KEARNEY
People

Shirley Buettner

Poet. Farm woman. Professor. Disabled. (1934-2008)


Shirley lived in Kearney, Nebraska for over 40 years and in her later years she hosted monthly "Poetry with Shirley" gatherings, at which she read poems by herself and other Nebraska poets.


Poet. Farm woman. Professor. Disabled. All words Shirley Buettner (1934-2008) used to describe facets of her identity. Born in Kansas in 1934, Buettner relocated to Nebraska with her family in 1945. She completed a BA from Kearney State College (KSC) in 1956. She taught high school for several years, raised 3 children, and did the bookkeeping for a family business, before launching her literary career in the late 1970s. Buettner was already a published poet when she returned to KSC to study with fellow Nebraska poet Don Welch. Buettner received her MA in 1984 with a creative thesis in original poetry entitled "Only the Doe Remains Voiceless."

Buettner published widely in the 1980s and 1990s, mostly in small regional and local journals like ‘Platte Valley Review, “ ”Kansas Voices,” and “Prairie Schooner." “Her poems were also anthologized regularly. “Hurdles," published in “All My Grandmothers Could Sing,” was even adapted into a modern dance by the University of Nebraska Omaha.  In addition to publishing in a wide array of magazines, small press publications, and anthologies, Buettner also authored two chapbooks, both published by Juniper Press (La Crosse, WI). Her first book, “Walking Out the Dark,” was published in 1984 with “Thorns" following in 1995. Prominent Nebraska poets described her work as “strong medicine for the heart,"  full of “tough lyricism."

Buettner was part of a flourishing poetry community. She regularly worked with well-known Nebraska poets, including Don Welch, Ted Kooser, Bill Kloefkorn and more. She taught at writing camps, conferences, and workshops, taking joy in mentoring budding poets. Despite suffering a major stroke in 1991, Buettner remained active in the local poetry community, organizing monthly "Poetry with Shirley” sessions in which she highlighted Great Plains poetry for her assisted living facility.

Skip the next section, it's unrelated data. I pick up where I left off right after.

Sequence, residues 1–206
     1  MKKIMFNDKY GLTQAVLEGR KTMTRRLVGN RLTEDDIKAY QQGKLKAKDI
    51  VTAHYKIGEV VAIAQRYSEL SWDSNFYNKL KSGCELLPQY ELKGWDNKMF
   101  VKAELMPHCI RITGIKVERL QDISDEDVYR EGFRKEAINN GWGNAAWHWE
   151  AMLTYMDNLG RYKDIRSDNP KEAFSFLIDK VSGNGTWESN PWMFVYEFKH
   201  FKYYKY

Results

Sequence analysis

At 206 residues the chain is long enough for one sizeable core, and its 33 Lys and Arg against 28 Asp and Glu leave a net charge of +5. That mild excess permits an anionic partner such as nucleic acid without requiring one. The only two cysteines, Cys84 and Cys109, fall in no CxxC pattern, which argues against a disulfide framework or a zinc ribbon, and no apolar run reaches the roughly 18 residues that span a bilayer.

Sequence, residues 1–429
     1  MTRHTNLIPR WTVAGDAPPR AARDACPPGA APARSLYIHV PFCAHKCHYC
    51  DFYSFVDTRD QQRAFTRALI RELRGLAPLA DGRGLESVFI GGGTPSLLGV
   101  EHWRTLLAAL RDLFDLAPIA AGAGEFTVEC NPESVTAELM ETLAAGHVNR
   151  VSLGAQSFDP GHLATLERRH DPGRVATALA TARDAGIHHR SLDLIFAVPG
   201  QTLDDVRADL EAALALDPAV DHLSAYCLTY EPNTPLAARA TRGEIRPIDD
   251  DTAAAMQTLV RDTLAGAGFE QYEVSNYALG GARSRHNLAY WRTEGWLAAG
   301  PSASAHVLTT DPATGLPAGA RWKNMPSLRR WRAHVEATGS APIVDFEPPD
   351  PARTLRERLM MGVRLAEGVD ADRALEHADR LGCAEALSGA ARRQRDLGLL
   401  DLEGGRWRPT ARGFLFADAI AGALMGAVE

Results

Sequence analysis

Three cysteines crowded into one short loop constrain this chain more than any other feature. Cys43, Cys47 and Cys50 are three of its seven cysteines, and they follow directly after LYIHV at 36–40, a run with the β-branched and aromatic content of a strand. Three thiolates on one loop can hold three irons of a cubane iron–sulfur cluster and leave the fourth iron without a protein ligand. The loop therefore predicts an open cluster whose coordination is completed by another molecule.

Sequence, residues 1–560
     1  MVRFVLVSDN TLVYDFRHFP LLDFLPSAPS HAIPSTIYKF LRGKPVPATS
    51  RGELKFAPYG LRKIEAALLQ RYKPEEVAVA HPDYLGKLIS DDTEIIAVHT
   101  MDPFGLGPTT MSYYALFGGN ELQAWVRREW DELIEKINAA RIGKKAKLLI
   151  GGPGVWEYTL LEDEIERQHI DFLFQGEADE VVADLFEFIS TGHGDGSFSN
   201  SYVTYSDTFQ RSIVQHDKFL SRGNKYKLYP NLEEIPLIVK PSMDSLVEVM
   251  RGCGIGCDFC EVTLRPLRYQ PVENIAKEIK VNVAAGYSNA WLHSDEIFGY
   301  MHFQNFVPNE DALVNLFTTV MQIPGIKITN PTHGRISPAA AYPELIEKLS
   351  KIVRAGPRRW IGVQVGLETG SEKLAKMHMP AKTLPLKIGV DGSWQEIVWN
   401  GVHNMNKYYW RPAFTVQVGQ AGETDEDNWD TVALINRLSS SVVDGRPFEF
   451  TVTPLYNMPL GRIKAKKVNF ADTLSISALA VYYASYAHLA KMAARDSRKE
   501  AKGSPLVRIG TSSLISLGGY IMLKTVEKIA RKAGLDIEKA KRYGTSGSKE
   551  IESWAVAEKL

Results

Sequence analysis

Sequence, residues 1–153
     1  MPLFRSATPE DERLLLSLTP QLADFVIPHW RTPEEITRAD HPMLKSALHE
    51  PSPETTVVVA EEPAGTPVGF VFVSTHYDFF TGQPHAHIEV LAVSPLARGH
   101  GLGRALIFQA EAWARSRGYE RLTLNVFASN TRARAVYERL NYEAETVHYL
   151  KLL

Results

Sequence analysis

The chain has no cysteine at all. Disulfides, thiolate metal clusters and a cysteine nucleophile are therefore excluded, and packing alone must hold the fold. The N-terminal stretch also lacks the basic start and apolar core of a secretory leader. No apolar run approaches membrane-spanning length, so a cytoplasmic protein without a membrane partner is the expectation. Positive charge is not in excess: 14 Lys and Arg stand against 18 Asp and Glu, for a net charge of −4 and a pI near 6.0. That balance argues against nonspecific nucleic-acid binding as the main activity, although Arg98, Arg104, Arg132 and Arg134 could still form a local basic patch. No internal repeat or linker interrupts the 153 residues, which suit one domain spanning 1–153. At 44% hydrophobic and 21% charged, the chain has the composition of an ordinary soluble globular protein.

Buettner was a meticulous record keeper; she donated several boxes of draft poems, correspondence, and other materials to the University of Nebraska at Kearney (UNK) Archives and Special Collections. This material allows one to track the development of specific poems as well as broader scale changes in Buettner’s style. Her correspondence shows the process of getting published (including weathering many rejections before any particular poem made it to press). It also hints at the challenges faced by small publications as it wasn’t uncommon for Buettner to receive a rejection because a press was closing or going on hiatus.

Buettner's poems speak to the beauty of the Plains.

"Discovered"

While clearing the west
quarter for more cropland,
the Cat quarried
a porcelain doorknob

oystered in earth,
grained and crazed
like an historic egg,
with a screwless stem of

rusted and pitted iron.
I turn its cold white roundness
with my palm and
open the oak door

fitted with oval glass,
fretted with wood ivy,
and call my frontier neighbor.
Her voice comes distant but

clear, scolding children
in overalls
and high button shoes.
A bucket of fresh eggs and

a clutch of rhubarb rest
on her daisied oil-cloth.
She knew I would knock someday,
wanting in.

"The Wind Chimes"

Two wind chimes,
one brass and prone to anger,
one with the throat of an angel,
swing from my porch eave,
sing with the storm.
Last year I lived five months
under that shrill choir,
boxing your house, crowding books
into crates, from some pages
your own voice crying.
Some days the chimes raged.
Some days they hung still.
They fretted when I dug up
the lily I gave you in April,
blooming, strangely, in fall.
Together, they scolded me
when I counted pennies you left
in each can, cup, and drawer,
when I rechecked the closets
for remnants of you.
The last day, the house empty,
resonant with space, the two chimes
had nothing to toll for.
I walked out, took them down,
carried our mute spirits home.

Categories: Education, Literature
Tags: poetry

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